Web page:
This method of trading can be legitimate in the UK as it enables the builders to keep their annual turnover below the VAT threshold so they do not need to register or charge for VAT.
    A potential drawback is that you have to fund the materials yourself as you go along (the builder normally arranges to buy them in your name); if there has been an underestimate in materials cost, you may find the cost escalating. On the other hand, you may save money if they find they have overestimated. You are unlikely to be left with any surplus material delivered.
  10. If the job is a big one, ask what guarantees are offered. If it is a new house, you will need NHBC (in UK) or similar warranty cover.
    Ask the builders about public liability insurance, they should have cover to protect you and the general public in the event of an accident.
  11. Do not be hurried into a decision, a reputable builder will always be willing to take time to discuss what you want.
    You may find yourself in a dilemma if a builder sets a deadline for an answer. Sometimes builders have a slack period between finishing one job and moving onto another in a couple of months time, they may legitimately offer to do yours now if you give the go ahead immediately. You may prefer to suggest moving your time-scales so that they can do their next job before coming back to you - but this may entail an increase to the quoted price because of expected inflation etc.
  12. So having met the builders, seen their work and received the quotes; how do you make the choice?
    The 3 main factors (probably in order of importance) are:
    1. Quality of workmanship.
    2. Cost and time-scales.
    3. The behaviour of the builders.
    You have to weigh each factor individually and relative to the other two. You may feel that a particular builder is automatically excluded because of your assessment of any factor. All other factors being equal, the final decision may be based on the cost or time-scale - remember that you do not always get a better job by paying more money.
    You may find that you are unhappy with all the builders you have asked to quote - remember that you do not need to use any of the builders you have asked to quote; you can start all over again by asking other builders for references and quotes.
  13. When you have decided on a builder, draw up a written agreement specifying:
    • The work to be carried out.
    • When the work is to commence and be completed.
    • The cost of the work and when/how it is to be paid. If the job is being funded by a loan which will be released to you at fixed stages of the work, make sure that the builder understands this and the actual points at which funds will be released.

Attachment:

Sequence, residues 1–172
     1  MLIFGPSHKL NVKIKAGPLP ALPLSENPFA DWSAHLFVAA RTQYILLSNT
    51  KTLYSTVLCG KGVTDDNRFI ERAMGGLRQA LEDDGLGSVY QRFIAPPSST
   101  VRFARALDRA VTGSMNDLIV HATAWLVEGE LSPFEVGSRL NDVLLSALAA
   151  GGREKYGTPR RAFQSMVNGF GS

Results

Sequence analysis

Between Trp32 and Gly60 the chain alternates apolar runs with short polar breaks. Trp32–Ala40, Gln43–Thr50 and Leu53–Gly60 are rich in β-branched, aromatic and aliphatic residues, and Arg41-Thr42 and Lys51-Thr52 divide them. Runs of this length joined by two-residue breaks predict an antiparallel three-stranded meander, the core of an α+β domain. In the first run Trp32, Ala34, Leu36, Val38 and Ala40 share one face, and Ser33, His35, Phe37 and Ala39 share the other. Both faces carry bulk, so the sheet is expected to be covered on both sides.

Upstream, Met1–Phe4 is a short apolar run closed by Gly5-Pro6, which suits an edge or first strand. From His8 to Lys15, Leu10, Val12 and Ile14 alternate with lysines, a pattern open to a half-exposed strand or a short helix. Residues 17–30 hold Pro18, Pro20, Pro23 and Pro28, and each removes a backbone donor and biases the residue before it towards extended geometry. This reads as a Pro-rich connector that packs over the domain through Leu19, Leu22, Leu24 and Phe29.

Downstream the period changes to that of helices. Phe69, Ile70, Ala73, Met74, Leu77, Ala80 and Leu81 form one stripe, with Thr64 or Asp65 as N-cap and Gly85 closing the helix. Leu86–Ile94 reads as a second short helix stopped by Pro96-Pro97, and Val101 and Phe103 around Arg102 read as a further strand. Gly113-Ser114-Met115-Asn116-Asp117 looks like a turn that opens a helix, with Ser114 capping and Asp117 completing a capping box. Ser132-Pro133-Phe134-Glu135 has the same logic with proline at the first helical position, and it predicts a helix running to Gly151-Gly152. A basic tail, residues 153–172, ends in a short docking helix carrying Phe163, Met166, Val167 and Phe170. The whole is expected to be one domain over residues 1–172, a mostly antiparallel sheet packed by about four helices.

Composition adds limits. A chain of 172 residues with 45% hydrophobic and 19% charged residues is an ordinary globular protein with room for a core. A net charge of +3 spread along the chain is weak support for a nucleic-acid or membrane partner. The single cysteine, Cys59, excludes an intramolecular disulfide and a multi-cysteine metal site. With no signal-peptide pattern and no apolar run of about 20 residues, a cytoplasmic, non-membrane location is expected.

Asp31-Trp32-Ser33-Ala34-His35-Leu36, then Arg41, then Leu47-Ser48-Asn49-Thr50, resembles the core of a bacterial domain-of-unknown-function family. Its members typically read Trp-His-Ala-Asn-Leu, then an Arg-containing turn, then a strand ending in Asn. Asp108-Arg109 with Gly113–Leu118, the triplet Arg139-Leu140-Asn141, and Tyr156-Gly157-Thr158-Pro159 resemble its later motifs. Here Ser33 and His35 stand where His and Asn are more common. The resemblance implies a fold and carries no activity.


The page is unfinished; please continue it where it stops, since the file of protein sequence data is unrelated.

• Try to include a 'retention'; part of the price which will be paid (say) 1 month after completion of the work subject to satisfaction. This will allow you to uncover small 'defects' in the work after the builders have left the site and gives the builder an incentive to fix them quickly.
    • Any 'local agreements' - such as use of washing/toilet facilities, disposal of waste etc.
  14. When the work has started, you will need to 'work' with the builder. Record the progress of the work, keep a note of all instructions you give the builder and payments you make. You should feel free to ask the builders what they are doing - any two people may interpret a work specification in different ways; so make sure that they are doing what you want.
  15. Any extension or other major job will cause tension and stress as it usually affects your home and it is unlikely to progress to plan.
    • Any building work around the house will cause a certain amount of inconvenience to the occupiers, you have to accept it.
    • Do not just ask the builders to do small addition items of work, you could find them on the final bill. If you need to change your work specification, make sure that it is agreed in writing along with any cost/time implication.
    • If you have a problem with a particular workman - his behaviour, workmanship or attitude - tread carefully! If you cannot suppress your feelings, try to have a quiet word with the site foreman or boss.
    • If you agreed stage payments, pay them on time (providing that the work has be done). If a dispute arises, talk to the builder and try to reach a compromise.
    • If you have problems with your loan provider, keep the builder informed.
    • Maintain an 'overall' view of the job, do not focus on one or two elements. If the builder is 'ahead' on parts of the job, this can compensate for an area which is running behind schedule.
    • No matter how well planned a job may be, they can never take account of the unforeseen (illness, weather, uncovering a mine shaft etc.), so make allowances for any such factors which the builder encounters.